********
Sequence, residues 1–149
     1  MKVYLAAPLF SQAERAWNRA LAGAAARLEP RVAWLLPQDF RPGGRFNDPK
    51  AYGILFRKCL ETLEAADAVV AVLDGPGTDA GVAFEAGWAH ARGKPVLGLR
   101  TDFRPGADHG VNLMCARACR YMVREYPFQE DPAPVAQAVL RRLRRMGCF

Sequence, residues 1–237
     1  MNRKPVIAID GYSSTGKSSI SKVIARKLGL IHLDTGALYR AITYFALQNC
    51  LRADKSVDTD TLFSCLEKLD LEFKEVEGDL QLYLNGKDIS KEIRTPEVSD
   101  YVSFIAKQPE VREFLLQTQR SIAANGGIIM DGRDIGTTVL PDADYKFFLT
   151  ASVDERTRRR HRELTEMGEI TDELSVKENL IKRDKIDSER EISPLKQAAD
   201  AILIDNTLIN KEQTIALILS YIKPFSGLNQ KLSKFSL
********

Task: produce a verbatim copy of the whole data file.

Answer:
Sequence, residues 1–149
     1  MKVYLAAPLF SQAERAWNRA LAGAAARLEP RVAWLLPQDF RPGGRFNDPK
    51  AYGILFRKCL ETLEAADAVV AVLDGPGTDA GVAFEAGWAH ARGKPVLGLR
   101  TDFRPGADHG VNLMCARACR YMVREYPFQE DPAPVAQAVL RRLRRMGCF

Sequence, residues 1–237
     1  MNRKPVIAID GYSSTGKSSI SKVIARKLGL IHLDTGALYR AITYFALQNC
    51  LRADKSVDTD TLFSCLEKLD LEFKEVEGDL QLYLNGKDIS KEIRTPEVSD
   101  YVSFIAKQPE VREFLLQTQR SIAANGGIIM DGRDIGTTVL PDADYKFFLT
   151  ASVDERTRRR HRELTEMGEI TDELSVKENL IKRDKIDSER EISPLKQAAD
   201  AILIDNTLIN KEQTIALILS YIKPFSGLNQ KLSKFSL